Erikson (1963) labels this psychosocial stage of adulthood as generativity versus self-absorption and stagnation. Midlife marks a point at which adults realize that half of their potential life has been spent. This realization may cause them to question their level of achievement and success. Middle-aged adults, in fact, may choose to modify aspects of their lives that they perceive as unsatisfactory or adopt a new lifestyle as a solution to dissatisfaction.

    Developing concern for the lives of their grown children, recognizing the physical changes in themselves, dealing with the new role of being a grandparent, and taking responsibility for their own parents whose health may be failing are all factors that may cause adults in this cohort to become aware of their own mortality. During this time, middle-aged adults may either feel greater motivation to follow health recommendations more closely or just the opposite may deny illnesses or abandon healthy practices altogether (Falvo, 2011).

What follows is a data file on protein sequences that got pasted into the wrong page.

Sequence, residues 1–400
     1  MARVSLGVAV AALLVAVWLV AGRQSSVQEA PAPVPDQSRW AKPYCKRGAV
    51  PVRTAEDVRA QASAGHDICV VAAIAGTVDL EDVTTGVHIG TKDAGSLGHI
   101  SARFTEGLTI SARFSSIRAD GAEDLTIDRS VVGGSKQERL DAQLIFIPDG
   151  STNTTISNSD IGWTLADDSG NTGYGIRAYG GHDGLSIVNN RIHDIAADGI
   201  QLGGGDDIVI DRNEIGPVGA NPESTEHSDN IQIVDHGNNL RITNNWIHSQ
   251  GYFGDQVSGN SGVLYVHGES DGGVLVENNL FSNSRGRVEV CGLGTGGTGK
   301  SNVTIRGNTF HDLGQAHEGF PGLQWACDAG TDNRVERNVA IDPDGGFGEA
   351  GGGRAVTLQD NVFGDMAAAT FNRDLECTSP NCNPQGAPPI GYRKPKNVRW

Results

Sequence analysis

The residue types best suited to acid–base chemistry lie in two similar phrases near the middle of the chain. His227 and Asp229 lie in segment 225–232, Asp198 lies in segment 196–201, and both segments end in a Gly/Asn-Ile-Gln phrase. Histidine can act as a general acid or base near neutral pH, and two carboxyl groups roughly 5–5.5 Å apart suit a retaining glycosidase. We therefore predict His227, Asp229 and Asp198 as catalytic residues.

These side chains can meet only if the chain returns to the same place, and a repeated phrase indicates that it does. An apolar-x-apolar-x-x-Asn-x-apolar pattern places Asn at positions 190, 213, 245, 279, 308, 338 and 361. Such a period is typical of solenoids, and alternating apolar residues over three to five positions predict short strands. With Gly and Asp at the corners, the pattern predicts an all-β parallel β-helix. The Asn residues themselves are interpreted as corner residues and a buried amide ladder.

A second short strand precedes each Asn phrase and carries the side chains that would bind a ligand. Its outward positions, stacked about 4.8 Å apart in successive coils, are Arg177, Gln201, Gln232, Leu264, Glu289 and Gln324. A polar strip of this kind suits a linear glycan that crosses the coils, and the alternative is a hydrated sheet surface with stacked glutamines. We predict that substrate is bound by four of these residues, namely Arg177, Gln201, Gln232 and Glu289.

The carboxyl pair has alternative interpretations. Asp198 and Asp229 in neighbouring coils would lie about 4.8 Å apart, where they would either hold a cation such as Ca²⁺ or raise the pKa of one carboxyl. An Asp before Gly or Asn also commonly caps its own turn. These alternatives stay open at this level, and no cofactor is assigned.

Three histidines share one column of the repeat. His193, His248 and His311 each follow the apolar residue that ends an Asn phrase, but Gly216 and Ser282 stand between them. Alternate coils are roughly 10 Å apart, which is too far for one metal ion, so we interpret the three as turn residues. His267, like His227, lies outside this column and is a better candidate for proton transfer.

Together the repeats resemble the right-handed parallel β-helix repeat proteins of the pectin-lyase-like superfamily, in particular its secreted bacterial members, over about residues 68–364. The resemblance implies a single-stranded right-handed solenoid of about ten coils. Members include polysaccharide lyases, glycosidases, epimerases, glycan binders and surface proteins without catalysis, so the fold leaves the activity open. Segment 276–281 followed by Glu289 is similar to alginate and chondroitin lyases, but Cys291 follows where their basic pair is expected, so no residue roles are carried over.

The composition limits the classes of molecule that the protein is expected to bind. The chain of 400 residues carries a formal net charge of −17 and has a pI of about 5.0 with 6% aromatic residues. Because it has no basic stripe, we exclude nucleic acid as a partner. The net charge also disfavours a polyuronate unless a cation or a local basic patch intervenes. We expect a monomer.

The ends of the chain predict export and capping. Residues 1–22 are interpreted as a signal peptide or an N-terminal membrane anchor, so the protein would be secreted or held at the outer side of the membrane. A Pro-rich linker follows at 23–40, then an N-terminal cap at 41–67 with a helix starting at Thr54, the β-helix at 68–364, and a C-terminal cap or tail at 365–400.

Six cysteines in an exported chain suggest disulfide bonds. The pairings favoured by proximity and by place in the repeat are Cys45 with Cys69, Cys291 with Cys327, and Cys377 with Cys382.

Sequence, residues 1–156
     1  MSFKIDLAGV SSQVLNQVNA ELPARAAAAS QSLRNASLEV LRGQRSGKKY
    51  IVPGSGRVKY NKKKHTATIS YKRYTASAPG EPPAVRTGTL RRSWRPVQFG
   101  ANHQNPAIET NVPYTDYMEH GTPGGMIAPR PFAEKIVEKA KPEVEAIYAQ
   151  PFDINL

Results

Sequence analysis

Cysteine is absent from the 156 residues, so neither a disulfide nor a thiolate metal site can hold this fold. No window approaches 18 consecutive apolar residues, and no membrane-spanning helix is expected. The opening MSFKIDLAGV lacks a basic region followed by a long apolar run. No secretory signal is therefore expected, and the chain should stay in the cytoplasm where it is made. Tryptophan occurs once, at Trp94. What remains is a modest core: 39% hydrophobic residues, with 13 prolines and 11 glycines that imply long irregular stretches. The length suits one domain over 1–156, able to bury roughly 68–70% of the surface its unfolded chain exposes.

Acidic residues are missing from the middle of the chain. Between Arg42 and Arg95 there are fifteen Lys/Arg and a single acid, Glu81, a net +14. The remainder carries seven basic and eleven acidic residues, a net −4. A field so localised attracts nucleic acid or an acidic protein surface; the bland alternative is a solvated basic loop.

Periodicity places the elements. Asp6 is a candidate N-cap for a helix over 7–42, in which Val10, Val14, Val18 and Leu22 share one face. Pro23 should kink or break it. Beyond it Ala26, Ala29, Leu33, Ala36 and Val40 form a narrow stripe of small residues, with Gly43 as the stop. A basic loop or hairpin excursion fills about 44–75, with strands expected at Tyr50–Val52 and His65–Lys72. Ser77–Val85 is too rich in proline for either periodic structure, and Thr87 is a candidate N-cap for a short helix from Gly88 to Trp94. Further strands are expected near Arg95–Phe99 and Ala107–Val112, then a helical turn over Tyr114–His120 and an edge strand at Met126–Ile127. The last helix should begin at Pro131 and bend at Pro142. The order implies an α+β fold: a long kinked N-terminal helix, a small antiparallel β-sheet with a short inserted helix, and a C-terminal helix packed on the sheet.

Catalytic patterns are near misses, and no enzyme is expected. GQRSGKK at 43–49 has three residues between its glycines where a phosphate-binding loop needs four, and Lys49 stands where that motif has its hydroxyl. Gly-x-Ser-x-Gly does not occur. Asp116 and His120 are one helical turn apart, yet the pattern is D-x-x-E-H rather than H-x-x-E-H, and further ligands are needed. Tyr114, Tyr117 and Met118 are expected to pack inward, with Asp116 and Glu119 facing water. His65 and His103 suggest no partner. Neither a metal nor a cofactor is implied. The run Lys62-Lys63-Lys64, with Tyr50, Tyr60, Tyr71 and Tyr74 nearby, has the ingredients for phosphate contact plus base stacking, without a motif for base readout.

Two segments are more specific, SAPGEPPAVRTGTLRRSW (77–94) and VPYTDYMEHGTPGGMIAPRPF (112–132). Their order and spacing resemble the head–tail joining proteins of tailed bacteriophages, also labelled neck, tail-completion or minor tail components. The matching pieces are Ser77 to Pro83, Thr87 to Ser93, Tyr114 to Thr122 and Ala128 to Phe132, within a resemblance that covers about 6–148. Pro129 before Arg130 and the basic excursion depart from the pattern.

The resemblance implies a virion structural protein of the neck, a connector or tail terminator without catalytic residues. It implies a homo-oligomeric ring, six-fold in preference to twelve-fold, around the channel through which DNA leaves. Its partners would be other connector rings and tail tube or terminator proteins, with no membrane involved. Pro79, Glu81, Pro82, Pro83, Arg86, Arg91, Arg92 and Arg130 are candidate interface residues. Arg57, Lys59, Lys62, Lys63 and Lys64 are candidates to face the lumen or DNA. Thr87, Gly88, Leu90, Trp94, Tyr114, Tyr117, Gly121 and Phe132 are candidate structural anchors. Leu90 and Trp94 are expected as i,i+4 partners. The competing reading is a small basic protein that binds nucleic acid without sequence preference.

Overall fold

The later years of middle adulthood are the phase in which productivity and contributions to society are valued. They offer an opportunity to feel a real sense of fulfillment from having cared for others-children, spouse, friends, parents, and colleagues for whom adults have served as mentors. During this time, individuals often become oriented away from self and family and toward the larger community. 

    New social interests and leisure activities are pursued as they find more free time from family responsibilities and career demands. As they move toward their retirement years, individuals begin to plan for what they want to do after completing their career. This transition sparks their interest in learning about financial planning, alternative lifestyles, and ways to remain healthy as they approach the later years (Crandell et al., 2012).

Teaching Strategies for Older Adults In Nursing Education For Older Adults